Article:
Your dirty house could be responsible for your child’s obesity
A new study suggests that the dust in your home may be causing your kid’s predisposition to obesity
According to a new study, the chemicals found in the dust in your home may be hastening your child’s weight gain and increasing their predisposition to obesity.
The Duke University-led study estimated that children ingest about 50 milligrams of dust every day.
Now, you may be thinking that your house is squeaky clean but we all know that dust can hide practically anywhere.
The chemicals found in dust are prone to activating (in early childhood) what is known as the PRARgamma receptor in the body, a key factor in obesity.
(PRARgamma is short for peroxisome proliferator-activated nuclear receptor gamma, a component which regulates fat metabolism, cell death, and cell proliferation.)
These chemicals are also found in flame retardants, lubricants, and plastic.
The study was published in the journal Environmental Science & Technology and included 25 dust samples from homes, gyms, and offices at levels approximating a typical child’s daily dust exposure.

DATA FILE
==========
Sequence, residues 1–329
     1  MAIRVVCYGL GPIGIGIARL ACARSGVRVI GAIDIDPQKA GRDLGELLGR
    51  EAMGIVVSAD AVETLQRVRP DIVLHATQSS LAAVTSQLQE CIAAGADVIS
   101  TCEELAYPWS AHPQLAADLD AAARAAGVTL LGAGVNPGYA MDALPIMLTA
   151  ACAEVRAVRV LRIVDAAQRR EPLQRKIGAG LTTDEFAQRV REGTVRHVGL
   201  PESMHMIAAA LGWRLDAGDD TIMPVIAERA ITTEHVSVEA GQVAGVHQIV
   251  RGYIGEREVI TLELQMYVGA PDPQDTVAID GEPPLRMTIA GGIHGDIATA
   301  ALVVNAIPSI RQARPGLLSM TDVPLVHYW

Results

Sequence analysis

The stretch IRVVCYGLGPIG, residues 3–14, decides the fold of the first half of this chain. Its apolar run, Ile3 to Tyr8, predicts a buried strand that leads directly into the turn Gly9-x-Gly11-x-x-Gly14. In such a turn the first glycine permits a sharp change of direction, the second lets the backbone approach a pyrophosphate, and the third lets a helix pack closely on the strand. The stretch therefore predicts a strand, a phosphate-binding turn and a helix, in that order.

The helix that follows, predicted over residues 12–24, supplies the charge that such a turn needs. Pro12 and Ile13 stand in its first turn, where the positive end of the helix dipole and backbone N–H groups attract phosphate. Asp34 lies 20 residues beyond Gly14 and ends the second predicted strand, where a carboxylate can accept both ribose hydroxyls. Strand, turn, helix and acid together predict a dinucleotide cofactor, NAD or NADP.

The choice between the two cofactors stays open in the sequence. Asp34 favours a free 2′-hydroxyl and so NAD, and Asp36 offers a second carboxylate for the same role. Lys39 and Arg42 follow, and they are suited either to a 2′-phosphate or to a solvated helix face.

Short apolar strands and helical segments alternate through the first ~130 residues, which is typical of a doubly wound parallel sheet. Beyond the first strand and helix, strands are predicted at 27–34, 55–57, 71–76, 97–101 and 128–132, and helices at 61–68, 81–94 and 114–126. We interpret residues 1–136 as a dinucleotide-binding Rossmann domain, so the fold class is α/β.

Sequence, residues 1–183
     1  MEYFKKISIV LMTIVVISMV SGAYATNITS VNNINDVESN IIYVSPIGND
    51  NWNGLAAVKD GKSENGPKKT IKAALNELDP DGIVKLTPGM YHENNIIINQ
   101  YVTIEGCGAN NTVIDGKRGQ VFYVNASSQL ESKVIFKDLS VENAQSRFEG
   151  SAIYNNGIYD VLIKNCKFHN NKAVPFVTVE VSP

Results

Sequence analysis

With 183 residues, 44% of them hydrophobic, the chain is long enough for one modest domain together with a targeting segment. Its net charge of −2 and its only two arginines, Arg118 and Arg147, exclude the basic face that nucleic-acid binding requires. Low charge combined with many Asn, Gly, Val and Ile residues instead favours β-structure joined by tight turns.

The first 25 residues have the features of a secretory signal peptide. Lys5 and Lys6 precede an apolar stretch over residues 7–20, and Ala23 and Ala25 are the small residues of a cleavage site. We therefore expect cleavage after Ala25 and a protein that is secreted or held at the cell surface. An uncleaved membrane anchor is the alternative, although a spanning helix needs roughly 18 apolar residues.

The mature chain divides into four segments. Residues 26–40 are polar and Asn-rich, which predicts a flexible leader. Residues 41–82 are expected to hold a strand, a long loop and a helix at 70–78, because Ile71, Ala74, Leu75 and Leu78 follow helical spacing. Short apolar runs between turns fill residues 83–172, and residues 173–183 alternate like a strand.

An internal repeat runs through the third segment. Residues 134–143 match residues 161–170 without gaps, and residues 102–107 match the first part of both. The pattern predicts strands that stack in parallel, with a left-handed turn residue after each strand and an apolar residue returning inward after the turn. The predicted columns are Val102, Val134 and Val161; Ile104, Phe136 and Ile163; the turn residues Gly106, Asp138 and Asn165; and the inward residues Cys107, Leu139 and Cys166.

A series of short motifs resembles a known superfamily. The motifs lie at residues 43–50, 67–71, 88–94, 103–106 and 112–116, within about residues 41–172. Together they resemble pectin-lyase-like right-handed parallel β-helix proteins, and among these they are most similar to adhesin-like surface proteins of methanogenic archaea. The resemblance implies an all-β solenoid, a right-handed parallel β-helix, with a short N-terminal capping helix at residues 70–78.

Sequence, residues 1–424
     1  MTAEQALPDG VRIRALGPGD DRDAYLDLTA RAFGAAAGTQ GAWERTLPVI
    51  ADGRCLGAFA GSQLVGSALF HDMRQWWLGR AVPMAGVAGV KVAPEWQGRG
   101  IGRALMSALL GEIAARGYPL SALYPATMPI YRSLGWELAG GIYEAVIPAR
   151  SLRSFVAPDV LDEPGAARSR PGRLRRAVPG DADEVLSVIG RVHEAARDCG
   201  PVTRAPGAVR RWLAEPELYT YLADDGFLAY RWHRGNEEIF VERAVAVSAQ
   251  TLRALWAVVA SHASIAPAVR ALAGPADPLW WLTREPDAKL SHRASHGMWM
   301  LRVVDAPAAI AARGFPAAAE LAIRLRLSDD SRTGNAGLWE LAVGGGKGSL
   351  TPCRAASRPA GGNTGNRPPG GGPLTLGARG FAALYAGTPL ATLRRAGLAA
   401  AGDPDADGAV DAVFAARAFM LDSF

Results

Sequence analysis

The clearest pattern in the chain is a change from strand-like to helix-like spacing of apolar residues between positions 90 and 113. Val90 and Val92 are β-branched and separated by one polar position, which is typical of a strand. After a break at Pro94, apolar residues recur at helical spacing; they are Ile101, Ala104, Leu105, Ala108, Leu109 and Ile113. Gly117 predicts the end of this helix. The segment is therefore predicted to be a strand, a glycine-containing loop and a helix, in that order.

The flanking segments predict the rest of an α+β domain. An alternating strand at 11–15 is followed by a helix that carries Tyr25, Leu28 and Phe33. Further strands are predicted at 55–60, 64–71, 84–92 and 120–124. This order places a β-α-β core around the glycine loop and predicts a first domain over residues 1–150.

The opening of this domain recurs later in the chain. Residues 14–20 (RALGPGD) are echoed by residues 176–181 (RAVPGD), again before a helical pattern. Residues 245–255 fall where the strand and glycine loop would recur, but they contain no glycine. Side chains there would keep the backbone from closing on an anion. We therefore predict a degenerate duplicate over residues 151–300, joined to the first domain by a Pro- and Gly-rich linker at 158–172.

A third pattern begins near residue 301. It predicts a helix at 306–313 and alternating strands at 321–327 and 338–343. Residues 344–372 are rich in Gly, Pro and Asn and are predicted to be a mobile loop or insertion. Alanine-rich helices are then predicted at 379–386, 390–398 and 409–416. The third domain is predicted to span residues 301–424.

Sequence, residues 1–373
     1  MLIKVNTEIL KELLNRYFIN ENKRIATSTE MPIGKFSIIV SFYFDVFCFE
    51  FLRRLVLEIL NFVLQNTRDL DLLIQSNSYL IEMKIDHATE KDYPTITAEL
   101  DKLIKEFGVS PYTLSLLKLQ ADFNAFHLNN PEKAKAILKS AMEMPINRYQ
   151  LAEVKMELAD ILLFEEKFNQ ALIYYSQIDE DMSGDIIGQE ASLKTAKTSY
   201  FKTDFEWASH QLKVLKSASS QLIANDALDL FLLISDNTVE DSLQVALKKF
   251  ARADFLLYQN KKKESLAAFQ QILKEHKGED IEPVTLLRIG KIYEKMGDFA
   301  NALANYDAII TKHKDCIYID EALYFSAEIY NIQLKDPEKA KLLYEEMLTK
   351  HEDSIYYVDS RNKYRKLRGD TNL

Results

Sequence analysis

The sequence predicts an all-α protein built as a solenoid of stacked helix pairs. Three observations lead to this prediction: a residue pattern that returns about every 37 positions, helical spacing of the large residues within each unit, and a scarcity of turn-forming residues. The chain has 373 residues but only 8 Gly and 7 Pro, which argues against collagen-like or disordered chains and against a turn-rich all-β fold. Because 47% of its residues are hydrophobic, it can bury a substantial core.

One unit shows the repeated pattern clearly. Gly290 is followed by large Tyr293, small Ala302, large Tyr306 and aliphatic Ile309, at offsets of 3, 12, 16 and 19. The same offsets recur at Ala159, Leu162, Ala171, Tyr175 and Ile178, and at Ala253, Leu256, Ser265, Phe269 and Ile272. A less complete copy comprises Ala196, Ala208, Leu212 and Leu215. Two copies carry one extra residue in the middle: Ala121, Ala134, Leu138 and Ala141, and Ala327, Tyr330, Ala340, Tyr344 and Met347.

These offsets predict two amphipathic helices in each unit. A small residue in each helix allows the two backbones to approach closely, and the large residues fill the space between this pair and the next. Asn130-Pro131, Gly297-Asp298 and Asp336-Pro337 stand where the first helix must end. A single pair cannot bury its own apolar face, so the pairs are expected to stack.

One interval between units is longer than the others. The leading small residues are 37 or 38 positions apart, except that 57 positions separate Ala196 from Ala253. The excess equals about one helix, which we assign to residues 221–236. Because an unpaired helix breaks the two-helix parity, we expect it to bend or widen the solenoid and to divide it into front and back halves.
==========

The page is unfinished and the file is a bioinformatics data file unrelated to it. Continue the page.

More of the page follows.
More than half of the samples tested positive for the aforementioned receptor–which simply means that the dust found in your home may be flipping the “on switch” of obesity potential in your kid’s body.
Research is currently underway to further pinpoint exactly what other health effects these chemicals, which are unavoidable in the home and outside the home, may cause in a child’s developing body.
“We are continuing to build on this research to determine what type of health effects may be caused by this level of activation in children,” says lead study author Heather Stapleton of Duke’s Nicholas School of Environment, in a statement published on the Duke University website.
You could try getting your kids involved in cleaning up after themselves but make sure they wear masks.
Though the findings of the study have yet to be deemed conclusive, it helps to know that we need to be extra vigilant in keeping our homes clean and that even the little things can greatly impact our kid’s health.
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